Boutique and luxury hotels are on the rise with 210 new hotels currently in the development pipeline in London, according to a study by Boodle Hatfield
Most of the hotels across the capital that have planning permission, or are already under construction are based in Westminster (48), adding over 6,800 new guest rooms. A further 12 are in the Heathrow area.
Boodle Hatfield says that the number of new hotels being planned shows investors remain optimistic about the London market’s potential for growth post-Brexit.
The UK’s hotel market is one of the few sectors of the UK economy to have benefited from the slump in Sterling related to Brexit. The decrease in value of the pound has made it cheaper for international tourists to visit the UK and has also encouraged more “staycations”.
The luxury (four and five stars) hotel segment, often focused in Westminster, has attracted visitors from the US and the Gulf, who are among the highest spending tourists.
Tourism from the Gulf and US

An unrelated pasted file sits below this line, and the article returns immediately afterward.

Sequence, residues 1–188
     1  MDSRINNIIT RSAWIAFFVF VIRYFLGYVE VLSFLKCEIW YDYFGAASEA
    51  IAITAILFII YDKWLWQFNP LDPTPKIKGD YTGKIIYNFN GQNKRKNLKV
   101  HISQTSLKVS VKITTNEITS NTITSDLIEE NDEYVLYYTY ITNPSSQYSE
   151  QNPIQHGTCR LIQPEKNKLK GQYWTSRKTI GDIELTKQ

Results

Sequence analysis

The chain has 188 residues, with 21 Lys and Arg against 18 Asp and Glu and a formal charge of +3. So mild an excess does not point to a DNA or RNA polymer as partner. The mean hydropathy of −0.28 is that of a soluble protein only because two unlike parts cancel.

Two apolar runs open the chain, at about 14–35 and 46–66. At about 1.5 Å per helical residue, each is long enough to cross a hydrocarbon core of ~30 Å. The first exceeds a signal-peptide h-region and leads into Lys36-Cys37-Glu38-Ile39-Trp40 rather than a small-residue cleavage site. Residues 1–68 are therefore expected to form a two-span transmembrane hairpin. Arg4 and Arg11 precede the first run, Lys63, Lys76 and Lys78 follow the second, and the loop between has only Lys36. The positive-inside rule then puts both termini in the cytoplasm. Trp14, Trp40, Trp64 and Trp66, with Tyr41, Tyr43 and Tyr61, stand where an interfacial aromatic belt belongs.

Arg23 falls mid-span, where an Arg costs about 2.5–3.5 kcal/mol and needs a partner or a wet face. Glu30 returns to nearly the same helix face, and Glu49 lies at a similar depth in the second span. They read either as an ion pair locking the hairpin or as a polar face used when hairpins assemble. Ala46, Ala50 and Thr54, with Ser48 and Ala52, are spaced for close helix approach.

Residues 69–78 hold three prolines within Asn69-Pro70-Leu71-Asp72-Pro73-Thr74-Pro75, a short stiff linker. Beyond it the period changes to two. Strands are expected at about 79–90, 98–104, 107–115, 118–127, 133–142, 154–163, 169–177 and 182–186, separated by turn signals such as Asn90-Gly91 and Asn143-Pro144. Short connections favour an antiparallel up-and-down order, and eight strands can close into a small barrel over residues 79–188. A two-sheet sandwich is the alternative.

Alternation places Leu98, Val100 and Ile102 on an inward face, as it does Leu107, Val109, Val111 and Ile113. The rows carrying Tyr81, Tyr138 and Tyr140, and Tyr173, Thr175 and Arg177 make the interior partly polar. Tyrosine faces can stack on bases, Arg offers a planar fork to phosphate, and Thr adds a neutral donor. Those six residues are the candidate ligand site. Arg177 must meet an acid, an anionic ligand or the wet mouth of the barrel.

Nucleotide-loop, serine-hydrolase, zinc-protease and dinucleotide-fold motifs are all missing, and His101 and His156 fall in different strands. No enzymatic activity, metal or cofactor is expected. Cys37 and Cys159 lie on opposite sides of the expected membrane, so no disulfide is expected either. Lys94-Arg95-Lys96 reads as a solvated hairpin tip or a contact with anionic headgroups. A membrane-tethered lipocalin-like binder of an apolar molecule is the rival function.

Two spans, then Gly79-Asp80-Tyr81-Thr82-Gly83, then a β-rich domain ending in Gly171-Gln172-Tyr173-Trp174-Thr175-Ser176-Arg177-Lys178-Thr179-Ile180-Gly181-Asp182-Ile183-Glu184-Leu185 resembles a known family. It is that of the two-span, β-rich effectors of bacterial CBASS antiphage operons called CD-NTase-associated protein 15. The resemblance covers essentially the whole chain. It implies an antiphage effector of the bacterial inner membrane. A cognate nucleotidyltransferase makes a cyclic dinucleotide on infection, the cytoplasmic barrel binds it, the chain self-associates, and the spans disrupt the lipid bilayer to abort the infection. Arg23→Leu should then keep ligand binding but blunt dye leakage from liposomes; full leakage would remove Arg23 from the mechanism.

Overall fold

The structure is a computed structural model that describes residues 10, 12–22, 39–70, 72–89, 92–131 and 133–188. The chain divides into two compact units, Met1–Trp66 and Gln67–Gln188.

Tourism from the Gulf to the UK rose in 2018, with 675,000 visits to the UK from Kuwait, Qatar, Saudi Arabia and the UAE collectively, up 20% from 2014 to 2018. Visits from the US to the UK grew 30% over the same period to 3.88m.
Attracting US visitors to the capital has been important to the luxury hotels industry. Americans often spend more money per person in the UK than any other nation (average £860 per person per trip), over twice the amount of the next highest country, France in 2018.
Boutique and luxury hotels account for 74% of the planned new hotels in Westminster.
The development of luxury hotels in London is also partly driven by flows of foreign capital into the sector. Hotels remain a trophy investment for overseas UHNW individuals and family offices.
As well as attracting tourists, the devaluation of Sterling has made investing in the capital’s hotel market cheaper for overseas investors.
Rajeev Joshi, partner at Boodle Hatfield, said: “Investor appetite in the London hotel market is holding up. But investors will want to know that this new supply of hotels can be soaked up by increasing demand.
“For tourism to continue to grow, the UK needs to ensure that post-Brexit, we do not start to be seen as a less convenient destination for tourists from the EU or from further afield. Greater investment in infrastructure will be a key part of this. Accelerating the delivery of projects such as the third runway at Heathrow and the Crossrail would help.”